We are not playing games here; this was about a serious issue of public concern, and whatever my responsibilities were to this man, I also had conflicting responsibilities to my job, which was discovering the truth.

At no point during this interview did he seem to be in medical distress over and above his clearly weakened condition.   He engaged me enthusiastically.    As soon as I had what I needed, I left.

Was it wrong to play to his ego, knowing he was enfeebled and (in and out) a little confused?  Maybe.  You could go either way on that.   I think it was okay.

Was it okay to take his pulse?  No!  A really bad sin, I think.   It is the only point at which I was deliberately misleading him.   I said that last week.

As to smoking pot:  Look, you are a rule follower.  I am a rule skeptic.    We are not going to agree on this one. 

Thanks for writing back.

Public Corruption is a fact of life- example Our Congress, and even if you took them on, which would be great, front page story- going to a hospital to interview a really sick man who doesn't know what he's doing is SICK.- then to brag about a first big story makes your ethics really questionable-just sayin'- wish you'd kept that tidbit to yourself.


Listen, you may as well lecture an astronaut about the huge carbon footprint a space launch creates.   This is what we DO.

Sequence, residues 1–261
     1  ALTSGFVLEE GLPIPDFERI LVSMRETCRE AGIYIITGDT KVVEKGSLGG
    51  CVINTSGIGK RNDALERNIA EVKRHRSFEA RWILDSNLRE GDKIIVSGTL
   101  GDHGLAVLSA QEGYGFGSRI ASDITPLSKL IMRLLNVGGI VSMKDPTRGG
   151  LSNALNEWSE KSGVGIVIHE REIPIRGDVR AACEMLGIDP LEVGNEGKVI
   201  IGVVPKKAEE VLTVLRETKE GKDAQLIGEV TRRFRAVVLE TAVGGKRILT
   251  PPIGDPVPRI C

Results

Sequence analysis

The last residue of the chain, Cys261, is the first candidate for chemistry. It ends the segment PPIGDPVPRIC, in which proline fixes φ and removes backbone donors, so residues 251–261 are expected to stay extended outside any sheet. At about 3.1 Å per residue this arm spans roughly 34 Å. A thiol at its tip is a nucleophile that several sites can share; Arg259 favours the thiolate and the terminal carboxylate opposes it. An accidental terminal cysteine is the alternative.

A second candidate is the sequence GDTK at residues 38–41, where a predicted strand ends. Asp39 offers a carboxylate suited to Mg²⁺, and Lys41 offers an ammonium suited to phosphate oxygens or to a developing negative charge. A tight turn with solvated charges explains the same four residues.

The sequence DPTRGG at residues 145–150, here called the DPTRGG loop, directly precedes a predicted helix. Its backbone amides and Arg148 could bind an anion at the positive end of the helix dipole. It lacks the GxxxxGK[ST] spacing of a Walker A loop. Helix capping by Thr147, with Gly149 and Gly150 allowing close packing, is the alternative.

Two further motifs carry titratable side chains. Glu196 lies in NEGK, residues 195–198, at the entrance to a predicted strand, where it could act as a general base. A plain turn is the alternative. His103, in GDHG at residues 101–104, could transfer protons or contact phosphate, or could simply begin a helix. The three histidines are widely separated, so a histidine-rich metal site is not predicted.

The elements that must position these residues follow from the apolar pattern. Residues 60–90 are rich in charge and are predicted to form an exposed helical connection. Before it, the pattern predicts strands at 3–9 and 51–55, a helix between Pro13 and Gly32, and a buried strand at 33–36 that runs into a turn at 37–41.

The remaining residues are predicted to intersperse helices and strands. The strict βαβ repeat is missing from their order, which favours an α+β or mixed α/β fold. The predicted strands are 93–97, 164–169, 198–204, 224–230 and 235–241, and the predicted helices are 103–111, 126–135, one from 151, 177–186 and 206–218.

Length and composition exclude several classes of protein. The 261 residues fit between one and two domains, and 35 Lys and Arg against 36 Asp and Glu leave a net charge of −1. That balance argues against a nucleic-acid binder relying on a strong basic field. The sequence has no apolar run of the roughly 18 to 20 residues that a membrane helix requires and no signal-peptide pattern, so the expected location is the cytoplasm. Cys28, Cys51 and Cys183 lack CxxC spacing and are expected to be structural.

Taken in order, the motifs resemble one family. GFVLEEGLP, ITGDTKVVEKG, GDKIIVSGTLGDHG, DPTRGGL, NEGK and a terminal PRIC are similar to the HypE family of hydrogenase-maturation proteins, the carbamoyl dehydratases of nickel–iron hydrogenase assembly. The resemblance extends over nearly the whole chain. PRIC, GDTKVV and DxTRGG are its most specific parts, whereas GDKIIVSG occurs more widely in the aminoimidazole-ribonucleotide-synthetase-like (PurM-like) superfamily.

As a result of this story, people in Albany learned that their elected officials happily accepted cash gifts from a man they funnelled business to, at inflated prices.  You know?

Sure. It's legal. Smoking a doobie is illegal, however mild the infraction. It seems that you are saying that smoking, like speeding, is OK because it is wrong de jure and not de facto. Which I guess I can live with, except that it makes the reporter the arbiter of what is okay. What if you think that adultery is a de jure offense? Does that make it okay to sleep with another person's spouse to get a story?

I don't disagree with your analysis here, but I think it's more objective, and less subjective, than you think.   The reporter is the arbiter only in the sense that he or she can ask his or herself:  Am I hurting anybody here?  Am I doing anything dishonest?